'Tosa Joe Works His Way Into a Fish on a Small River

‘Tosa Joe Works His Way Into a Fish on a Small River

He does, in fact, get a nice brown in that first spot and then he joins me while I plummet the depths for the devil trout that escaped me the last time I was here. Will I ever give up on that spot, that fish?!

Satisfied Angler!

Satisfied Angler!

Satisfied with our first trout and the fact that Joe has his casting groove intact, we head for bigger water. Joe and I separate after awhile – he knows what he is doing and we each seek our trout on different stretches of the same river. His cast improves steadily over the course of the day.  In fact he is throwing much tighter loops than me; so I make note that I need to get out and do a little more casting practice of my own!  In any case, it is a good day in that ever-so-favorite of stretches.

Workin' it!

Workin’ it!

After Joe moves back down river, I step into a spot that regularly produces some nice fish and rig up with my standard DEEP rig that I use here. I fish it from below. I fish it from above. I dead drift. I swing flies. I add more weight. More drifts. More swings. Nothing. I then go back and fish this same spot from down river again – casting upstream. That’s when I switch over to an elk hair caddis with about a 36 inch dropper. Bang! That rig put me into a fat, 13-inch brown trout. So shortening up and fishing lighter actually worked in a spot where I usually fish very deep. Make a note of that. The fish took the dropper.

Next, I fall back down to a spot just above a small island that I like to fish. There is a fast little run here that shoots around two large boulders before dumping into a pool and heading down toward that island. Here, I rig up with an even bigger caddis (#8). It serves as my strike indicator. Behind it I tie on about 3 feet of tippet and a #10 hydropsyche larva. I take a couple of 8-inch browns about half way through the pools as the rig returns to me. That’s not what I want though. I want the fish at the head of the pool – the prime spot where the big ones hang out. Here, big trout get first dibs on the insects washing down out of that fast little run. I start to adjust my rigging. Joe sees me repeatedly casting up to the run and shouts for me to move on – “there can’t be anything there”. At this moment a black cow steps into the water behind me and Joe snaps off a surreal picture of this cow looking over my shoulder as I continue to cast to my target area. Joe heads down below me reminding me as he passes that it might be time to let this spot rest. Oh, really? A few more casts and I decide to adjust for a deeper presentation. Fishing deeper does not always mean adding more weight to the leader. In this case, I choose to add about 15 more inches of 5x tippet – just extending the dropper out to more than 4 feet below that big caddis.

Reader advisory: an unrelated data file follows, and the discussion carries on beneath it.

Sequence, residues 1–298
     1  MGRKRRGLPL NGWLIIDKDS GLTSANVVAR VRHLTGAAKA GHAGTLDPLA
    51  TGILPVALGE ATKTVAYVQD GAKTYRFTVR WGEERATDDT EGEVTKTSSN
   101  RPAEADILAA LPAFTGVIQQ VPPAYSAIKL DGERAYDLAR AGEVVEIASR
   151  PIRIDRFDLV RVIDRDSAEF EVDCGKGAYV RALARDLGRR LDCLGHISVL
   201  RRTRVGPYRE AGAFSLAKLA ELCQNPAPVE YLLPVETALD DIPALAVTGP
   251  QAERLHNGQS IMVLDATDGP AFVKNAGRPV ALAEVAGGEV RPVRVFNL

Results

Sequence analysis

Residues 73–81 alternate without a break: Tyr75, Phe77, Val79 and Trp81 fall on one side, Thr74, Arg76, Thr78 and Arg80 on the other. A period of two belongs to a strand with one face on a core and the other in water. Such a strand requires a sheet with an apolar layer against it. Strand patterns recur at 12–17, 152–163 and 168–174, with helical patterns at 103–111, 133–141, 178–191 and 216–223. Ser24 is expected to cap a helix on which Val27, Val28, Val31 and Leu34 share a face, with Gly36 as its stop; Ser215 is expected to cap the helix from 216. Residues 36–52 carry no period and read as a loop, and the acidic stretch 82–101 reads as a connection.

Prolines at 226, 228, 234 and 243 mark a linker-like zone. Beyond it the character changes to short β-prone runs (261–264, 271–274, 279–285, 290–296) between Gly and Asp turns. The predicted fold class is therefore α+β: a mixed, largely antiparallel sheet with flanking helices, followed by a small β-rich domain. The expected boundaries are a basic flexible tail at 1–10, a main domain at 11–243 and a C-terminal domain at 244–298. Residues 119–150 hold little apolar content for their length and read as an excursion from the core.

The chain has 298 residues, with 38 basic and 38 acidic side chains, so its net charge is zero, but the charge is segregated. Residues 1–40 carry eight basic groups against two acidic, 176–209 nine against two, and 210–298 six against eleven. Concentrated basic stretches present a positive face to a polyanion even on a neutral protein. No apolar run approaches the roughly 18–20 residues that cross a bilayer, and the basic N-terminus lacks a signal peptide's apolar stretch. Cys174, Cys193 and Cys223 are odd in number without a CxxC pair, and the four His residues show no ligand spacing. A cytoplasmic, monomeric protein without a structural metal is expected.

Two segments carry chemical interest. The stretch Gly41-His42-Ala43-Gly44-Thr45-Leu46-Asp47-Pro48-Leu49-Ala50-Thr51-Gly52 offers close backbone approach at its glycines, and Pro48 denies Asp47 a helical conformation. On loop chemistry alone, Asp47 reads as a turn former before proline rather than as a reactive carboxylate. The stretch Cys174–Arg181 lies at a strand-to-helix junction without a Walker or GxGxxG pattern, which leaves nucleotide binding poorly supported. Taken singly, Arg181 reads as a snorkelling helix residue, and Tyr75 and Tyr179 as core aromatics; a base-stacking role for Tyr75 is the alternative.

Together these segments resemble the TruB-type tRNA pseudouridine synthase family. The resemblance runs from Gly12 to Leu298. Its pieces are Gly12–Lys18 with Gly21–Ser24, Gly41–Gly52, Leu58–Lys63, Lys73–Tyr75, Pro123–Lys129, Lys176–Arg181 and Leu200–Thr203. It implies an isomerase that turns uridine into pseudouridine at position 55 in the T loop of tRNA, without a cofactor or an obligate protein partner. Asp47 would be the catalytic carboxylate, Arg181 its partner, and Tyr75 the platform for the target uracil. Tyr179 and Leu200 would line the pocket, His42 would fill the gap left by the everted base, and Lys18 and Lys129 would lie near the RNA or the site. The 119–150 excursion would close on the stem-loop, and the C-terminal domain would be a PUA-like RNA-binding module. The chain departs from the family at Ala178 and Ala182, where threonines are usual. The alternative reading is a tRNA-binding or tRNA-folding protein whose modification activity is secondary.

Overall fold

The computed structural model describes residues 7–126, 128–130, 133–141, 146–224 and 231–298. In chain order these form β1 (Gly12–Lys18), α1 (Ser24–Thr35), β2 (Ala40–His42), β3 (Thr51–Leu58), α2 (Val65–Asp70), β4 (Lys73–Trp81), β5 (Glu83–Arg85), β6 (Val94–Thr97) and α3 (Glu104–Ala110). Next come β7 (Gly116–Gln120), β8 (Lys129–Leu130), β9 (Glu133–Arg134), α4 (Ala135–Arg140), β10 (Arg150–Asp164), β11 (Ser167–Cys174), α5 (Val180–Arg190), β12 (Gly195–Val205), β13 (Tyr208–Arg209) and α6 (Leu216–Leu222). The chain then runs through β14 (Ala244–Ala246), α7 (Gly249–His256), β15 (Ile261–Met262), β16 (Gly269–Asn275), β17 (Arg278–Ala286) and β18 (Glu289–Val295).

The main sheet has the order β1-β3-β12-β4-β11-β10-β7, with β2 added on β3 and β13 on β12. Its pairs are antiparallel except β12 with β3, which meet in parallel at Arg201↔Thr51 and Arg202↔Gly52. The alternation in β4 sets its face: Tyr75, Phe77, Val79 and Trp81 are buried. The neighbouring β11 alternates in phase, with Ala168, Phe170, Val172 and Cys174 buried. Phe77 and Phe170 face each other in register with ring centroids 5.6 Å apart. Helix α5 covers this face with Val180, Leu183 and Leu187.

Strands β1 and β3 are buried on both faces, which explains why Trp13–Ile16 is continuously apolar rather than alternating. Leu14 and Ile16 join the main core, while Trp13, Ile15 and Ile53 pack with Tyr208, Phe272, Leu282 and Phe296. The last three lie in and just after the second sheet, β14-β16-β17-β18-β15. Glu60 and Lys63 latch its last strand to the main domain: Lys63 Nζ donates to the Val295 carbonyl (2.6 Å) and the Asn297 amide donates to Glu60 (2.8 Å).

The casting ritual is repeated again and after several attempts I connect with a solid 16+ inch brown trout. He runs into the pool, sees me and then heads back upstream to the fast little run. I turn him. He runs below me and I step across stream leading him to the shallow water just above the little island. He heads back to the pool again. On the next pass, I lift his head high and net him. Wow, look at the shoulders on this fish! I have to thank Joe here – he hustled back up stream to snap an awesome photo of this fish – it actually looks like a shark with that dark eye.

Bovine & Squaoliformes Trout

Bovine & Squaoliformes Trout

 Thanks ‘Tosa Joe, it was good to get out there with you.  Too bad we couldn’t have stretched it.

Paul

Saturday, May 2nd, 2009 – Opening Day of the Regular Trout Season

Windmills on Hwy 18 En Route to Fennimore

Windmills on Hwy 18 En Route to Fennimore

Well here we are on opening day weekend in Fennimore, Wisconsin and I am finally out with my brother Joe – appropriate on an opening day in 2009. The first order of the day was to knock out a quick blog post covering a little controversy on the blog with respect to how much detail is shared on streams that we fish (see below).  The controversy being that sharing too much information could bring an overwhelming number of people to a fairly fragile resource. Having considered input from a few readers, I am now going to chronicle the detailed information offline for my family (generations to come) and then pare down the detail for the blog, maintaining information about general locations, hatches, techniques and more. This way, the blog still captures the stories and fishing reports that might incent others to get out there and explore a little. In some cases I will still provide stream names for well-known waters. Seems like a good balance.

It is just about time to get on the road so we gather together our gear including the digital recorder that I use to capture my thoughts while I am “out in the field”. Last night, I used that device to capture my brother’s melodious wood-sawing as he piled up cords of wood in our room up at the Fennimore Hills Motel. Thanks brother!

Our first stop is not a river, but a restaurant – a little breakfast to start the day. If you make it out to Fennimore, stop by Friederick’s a the north end of town on the corner of Hwy 18 and Hwy 61 – it is a great spot for breakfast and lunch. We recommend the polish smoked sausage as part of breakfast and you will definitely want to try the turkey club for lunch – it is essentially a BLT with moist turkey in the mix – it is raving good!